Another year, another ‘Best of…’ list. It’s hard to comprehend that this will be my last post of 2020 – I still remember writing the 2019 version – but we’re here, and these lists still never get any easier to compile. When writing this, I’m struck by how many of the books mentioned I read during the first half of the year. Clearly my reading went downhill as the months dragged on so, hopefully, 2021 will be better in this regard.
As always, the books mentioned are ones I read for the first time in 2020; they weren’t necessarily published this year. Also no rereads are included in the list. But, without further ado, let’s get into my top 10 books:
10. A Thousand Ships by Natalie Haynes
Kicking off the list is Natalie Haynes’ second novel, the Women’s Prize-shortlisted A Thousand Ships. The novel is a series of interconnected stories, all told by the women involved in the Trojan War. We have both Trojan and Greek women, plus the goddesses, telling their different experiences of war. What surprised me the most about A Thousand Ships was just how funny it was. Penelope’s increasingly exasperated letters to a still missing Odysseus were very witty and helped to stop the novel becoming relentless. They were (admittedly brief) tonics in what is quite a dark story. The novel has also been very cleverly constructed, and I was left impressed by how Haynes jumps between the different women. Even if you know little of the Trojan War, I think A Thousand Ships is still an excellent novel, giving women a voice in a traditionally male-dominated narrative.
9. Perfume: The Story of a Murderer by Patrick Suskind
Perfume is a strange, compelling novel which still lingers long after the conclusion. We follow the live of Jean-Baptiste Grenouille, a man who is born with an incredible sense of smell and whose obsession with scent leads him to commit murders. It is a cleverly constructed novel, keeping the reader at a distance the same way Grenouille is separated from society; despite having a third person narrator you feel like you know the main character, you know his thoughts and feelings. Despite being a horrible person, it is hard to stop reading about him; he’s such a compelling character. It is obvious why Perfume has received the vast amount of praise it has.
8. My Brilliant Friend by Elena Ferrante
I’m sure everyone and their mother knows about My Brilliant Friend, the first book in Elena Ferrante’s Neapolitian Novels. Here, we are introduced to best friends Elena and Lila who grew up in a poor neighbourhood in Naples. We watch them grow up, navigate school, have their first crushes, and become young adults. Child characters can be a bit hit or miss for me, mainly because I find some authors make them sound too adult to be believable. This wasn’t the case here, and I really liked how Ferrante developed the girls’ friendship. It felt very true to life. She also balances the innocence of childhood with the simmering violence that always lingers in this neighbourhood, and which occasionally comes to the fore. I can see why people might not like My Brilliant Friend, but I found it a great book, and I can’t wait to see how Elena and Lila’s friendship develops in the following novels.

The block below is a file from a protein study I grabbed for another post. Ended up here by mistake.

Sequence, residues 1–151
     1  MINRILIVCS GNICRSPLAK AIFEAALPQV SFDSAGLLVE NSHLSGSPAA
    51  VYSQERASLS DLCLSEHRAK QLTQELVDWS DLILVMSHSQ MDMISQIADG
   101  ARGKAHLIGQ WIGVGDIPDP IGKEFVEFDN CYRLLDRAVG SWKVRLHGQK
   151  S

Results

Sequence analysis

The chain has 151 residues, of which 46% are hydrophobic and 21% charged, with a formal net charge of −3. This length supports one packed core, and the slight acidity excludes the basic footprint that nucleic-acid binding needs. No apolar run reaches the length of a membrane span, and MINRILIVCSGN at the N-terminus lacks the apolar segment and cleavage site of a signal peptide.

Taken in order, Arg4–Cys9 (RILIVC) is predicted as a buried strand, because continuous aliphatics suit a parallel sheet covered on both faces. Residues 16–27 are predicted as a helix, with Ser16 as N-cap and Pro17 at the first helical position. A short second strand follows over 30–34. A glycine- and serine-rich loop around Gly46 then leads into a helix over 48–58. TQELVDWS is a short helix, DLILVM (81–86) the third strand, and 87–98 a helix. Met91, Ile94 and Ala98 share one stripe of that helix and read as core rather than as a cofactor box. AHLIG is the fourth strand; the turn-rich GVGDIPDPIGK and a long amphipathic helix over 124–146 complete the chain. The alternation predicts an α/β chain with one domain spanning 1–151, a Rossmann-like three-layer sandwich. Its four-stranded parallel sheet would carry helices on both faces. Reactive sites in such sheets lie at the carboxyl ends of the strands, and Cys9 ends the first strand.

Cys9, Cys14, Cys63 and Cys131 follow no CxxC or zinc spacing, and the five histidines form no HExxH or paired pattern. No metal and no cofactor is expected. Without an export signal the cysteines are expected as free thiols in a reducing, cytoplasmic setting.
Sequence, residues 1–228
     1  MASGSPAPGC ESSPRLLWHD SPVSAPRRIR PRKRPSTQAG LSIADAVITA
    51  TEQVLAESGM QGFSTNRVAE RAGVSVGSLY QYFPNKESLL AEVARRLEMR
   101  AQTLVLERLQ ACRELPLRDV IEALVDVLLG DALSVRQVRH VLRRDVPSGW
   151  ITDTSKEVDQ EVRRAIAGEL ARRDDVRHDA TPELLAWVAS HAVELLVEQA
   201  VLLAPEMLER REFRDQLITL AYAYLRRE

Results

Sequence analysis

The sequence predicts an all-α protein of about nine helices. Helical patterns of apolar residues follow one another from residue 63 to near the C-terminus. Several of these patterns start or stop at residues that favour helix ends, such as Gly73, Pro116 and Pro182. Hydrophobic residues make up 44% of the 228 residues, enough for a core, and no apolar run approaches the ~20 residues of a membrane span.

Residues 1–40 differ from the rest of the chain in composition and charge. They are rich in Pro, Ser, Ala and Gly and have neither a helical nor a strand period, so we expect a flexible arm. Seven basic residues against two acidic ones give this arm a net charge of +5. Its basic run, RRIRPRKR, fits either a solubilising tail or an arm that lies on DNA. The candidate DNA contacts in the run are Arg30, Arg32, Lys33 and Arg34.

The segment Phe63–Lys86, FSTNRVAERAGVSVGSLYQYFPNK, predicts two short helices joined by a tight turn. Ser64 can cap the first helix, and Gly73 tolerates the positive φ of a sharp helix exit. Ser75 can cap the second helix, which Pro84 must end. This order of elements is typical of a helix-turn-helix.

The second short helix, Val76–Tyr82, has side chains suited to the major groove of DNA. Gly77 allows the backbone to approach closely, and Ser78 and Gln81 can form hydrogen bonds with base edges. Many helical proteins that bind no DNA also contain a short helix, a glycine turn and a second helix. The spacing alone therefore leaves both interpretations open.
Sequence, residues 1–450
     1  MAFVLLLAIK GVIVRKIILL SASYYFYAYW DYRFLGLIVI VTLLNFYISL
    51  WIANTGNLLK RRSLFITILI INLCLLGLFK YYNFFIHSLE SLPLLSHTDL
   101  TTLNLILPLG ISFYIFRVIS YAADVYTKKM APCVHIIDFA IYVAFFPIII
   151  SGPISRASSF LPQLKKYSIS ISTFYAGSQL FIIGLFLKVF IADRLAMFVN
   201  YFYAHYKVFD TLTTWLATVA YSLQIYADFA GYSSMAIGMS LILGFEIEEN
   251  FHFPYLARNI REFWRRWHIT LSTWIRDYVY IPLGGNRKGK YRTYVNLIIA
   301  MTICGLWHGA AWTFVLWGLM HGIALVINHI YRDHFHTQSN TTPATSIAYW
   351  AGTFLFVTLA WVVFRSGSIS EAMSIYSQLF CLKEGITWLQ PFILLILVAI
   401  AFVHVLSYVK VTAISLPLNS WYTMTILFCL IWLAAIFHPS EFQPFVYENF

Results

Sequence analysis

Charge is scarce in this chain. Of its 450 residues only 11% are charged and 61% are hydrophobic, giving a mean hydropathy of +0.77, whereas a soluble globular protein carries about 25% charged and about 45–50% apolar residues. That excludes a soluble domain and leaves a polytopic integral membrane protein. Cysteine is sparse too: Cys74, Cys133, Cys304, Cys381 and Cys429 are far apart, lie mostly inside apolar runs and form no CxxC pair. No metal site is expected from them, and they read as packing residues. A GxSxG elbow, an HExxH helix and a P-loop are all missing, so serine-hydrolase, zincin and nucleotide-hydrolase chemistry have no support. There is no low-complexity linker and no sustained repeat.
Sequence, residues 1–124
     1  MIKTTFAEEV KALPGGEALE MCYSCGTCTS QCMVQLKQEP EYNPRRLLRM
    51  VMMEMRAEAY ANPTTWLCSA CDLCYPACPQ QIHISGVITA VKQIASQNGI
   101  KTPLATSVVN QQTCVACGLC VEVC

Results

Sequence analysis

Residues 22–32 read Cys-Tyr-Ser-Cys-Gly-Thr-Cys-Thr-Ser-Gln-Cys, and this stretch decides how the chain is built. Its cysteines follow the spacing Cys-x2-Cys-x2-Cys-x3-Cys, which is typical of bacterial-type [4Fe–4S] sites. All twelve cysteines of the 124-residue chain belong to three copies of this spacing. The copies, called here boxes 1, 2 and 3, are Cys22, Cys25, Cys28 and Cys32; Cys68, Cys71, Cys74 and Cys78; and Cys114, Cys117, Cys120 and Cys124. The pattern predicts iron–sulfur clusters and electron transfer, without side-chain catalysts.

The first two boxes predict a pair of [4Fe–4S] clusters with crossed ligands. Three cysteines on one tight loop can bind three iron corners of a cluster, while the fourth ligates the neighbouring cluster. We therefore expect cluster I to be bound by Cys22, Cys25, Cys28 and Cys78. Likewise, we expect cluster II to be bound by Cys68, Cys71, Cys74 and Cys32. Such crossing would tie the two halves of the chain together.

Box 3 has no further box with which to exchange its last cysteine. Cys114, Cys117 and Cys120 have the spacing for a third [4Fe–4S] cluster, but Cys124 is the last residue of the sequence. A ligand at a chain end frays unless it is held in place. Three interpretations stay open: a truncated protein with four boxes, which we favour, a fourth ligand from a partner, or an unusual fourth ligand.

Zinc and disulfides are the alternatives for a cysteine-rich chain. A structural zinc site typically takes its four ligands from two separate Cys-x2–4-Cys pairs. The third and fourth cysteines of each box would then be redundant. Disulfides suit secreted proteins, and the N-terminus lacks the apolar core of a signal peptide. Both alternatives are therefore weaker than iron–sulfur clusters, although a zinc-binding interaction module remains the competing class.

7. Who Do You Serve, Who Do You Protect? ed. by Maya Schenwar, Joe Macare, Alana Yu-Lan Price
The first non-fiction on this list, Who Do You Serve, Who Do You Protect? is a collection of essays looking at policing in America and, specifically, police violence against black and indigenous communities. This was a very harrowing, heart-wrenching read yet deeply informative and, sadly, still necessary. Each essay or report tackles a different angle of police violence, for example, how pregnant women are treated in custody. There were different aspects to police violence I hadn’t considered before, and this book helped shine a light on these issues. The historical background a lot of the authors give also provides more context for their arguments. and is a fascinating glimpse into the history of American policing. Yet, as well as highlighting problems, there is a section in the collection that provides solutions. It provides a glimmer of hope that things can and will improve. If you want to know more about police violence, then Who Do You Serve, Who Do You Protect? is a great place to start.
6. The Five by Hallie Rubenhold
Given its popularity this year, many will know The Five is Hallie Rubenhold’s biography of the five canonical Ripper victims. Through exploring their lives, Rubenhold also dives into life in Victorian London in general as we witness these women traverse different aspects of society. She also debunks some Jack the Ripper myths that have lived for decades, especially the idea that his victims were prostitutes. At times it is a very grim, saddening read, especially knowing the womens’ fates. Yet Rubenhold’s book is always interesting, and the amount of research she has done is incredible, that you can’t help but read on. This is one for people interested in Victorian society, as well as those fascinated by the Ripper case.